SessionExpired is sent to any scripts that have been deemed inactive.
SessionExpired is sent to a script if the following criteria is satisfied:
GotRequestevents for an amount of time equal to or greater than the cleanup period of the HTTP provider, which is by default
SessionExpiredevent. The HTTP Provider uses the occurrence of a no handler to indicate that the script is no longer running, or that it does not define an event handler for
SessionExpired. In either case, this means to the HTTP provider that the script instance does not need to be informed of a session expired event and that it will no longer attempt to send the
SessionExpiredevent to that script instance.
Upon receiving the
SessionExpired event, what should be done is entirely up to the developer; the application server places no expectations or requirements on the script instance. Specifically, it is not required that the script instance come to an end when
SessionExpired occurs; however, it is reasonable to expect that a large percentage of scripts will indeed end with the occurrence of this event, since it indicates inactivity of over 20 minutes. Couple this amount of inactivity with the session-less nature of HTTP and the inherent difficulty of tracking the state of the user of the application, one can see why most scripts would end when this event occurs. If the developer chooses to not end the script upon receiving the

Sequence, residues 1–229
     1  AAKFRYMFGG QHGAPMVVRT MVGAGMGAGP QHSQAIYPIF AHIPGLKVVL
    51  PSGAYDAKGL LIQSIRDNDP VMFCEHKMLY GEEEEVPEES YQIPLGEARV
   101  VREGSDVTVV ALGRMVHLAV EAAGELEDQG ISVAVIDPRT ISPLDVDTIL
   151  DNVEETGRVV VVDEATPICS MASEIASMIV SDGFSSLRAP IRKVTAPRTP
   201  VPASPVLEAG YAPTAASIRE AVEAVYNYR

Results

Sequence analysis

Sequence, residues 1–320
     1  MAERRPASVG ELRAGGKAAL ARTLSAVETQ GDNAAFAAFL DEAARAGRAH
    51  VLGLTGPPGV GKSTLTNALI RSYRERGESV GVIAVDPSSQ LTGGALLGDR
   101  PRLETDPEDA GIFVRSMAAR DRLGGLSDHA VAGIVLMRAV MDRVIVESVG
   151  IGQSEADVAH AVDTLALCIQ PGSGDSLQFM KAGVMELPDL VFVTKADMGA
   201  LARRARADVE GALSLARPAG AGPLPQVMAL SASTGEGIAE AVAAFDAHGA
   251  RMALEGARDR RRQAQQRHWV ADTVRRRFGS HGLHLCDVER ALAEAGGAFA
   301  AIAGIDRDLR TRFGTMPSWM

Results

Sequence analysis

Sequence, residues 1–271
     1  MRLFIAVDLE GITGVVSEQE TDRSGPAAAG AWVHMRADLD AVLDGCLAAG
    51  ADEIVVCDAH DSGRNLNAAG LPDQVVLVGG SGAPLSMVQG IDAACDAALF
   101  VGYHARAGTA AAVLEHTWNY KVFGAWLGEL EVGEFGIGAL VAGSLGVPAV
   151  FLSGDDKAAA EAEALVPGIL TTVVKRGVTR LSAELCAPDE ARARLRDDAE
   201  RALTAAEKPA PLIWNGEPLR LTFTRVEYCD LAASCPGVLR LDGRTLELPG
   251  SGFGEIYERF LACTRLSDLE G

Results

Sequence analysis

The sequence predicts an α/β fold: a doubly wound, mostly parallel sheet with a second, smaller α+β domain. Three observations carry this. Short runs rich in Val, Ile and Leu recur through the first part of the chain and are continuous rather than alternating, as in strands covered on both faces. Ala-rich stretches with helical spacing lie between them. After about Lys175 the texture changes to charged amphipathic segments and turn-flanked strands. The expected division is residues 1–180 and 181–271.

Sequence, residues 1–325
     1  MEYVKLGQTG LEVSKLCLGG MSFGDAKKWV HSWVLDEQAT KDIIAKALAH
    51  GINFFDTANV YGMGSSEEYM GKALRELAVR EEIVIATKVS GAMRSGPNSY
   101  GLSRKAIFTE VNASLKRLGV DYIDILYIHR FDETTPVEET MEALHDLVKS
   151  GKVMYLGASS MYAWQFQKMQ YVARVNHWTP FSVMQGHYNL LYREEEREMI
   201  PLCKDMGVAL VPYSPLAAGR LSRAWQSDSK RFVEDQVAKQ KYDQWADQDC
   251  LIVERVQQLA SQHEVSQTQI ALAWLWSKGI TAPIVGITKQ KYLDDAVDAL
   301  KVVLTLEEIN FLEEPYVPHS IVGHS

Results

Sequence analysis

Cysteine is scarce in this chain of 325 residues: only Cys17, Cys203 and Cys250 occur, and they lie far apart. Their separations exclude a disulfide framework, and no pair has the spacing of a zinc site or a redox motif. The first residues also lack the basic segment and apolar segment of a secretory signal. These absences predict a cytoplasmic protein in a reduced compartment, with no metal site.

SessionExpired event, then
SessionExpired events will continue to fire for that script until one of the conditions is met in the above list.
If you end a script at any point, one can use the
SessionEnd action to indicate to the HTTP Provider that it can release the session from it's memory. In other words, it no longer will track this script instance any longer.
No Event Parameters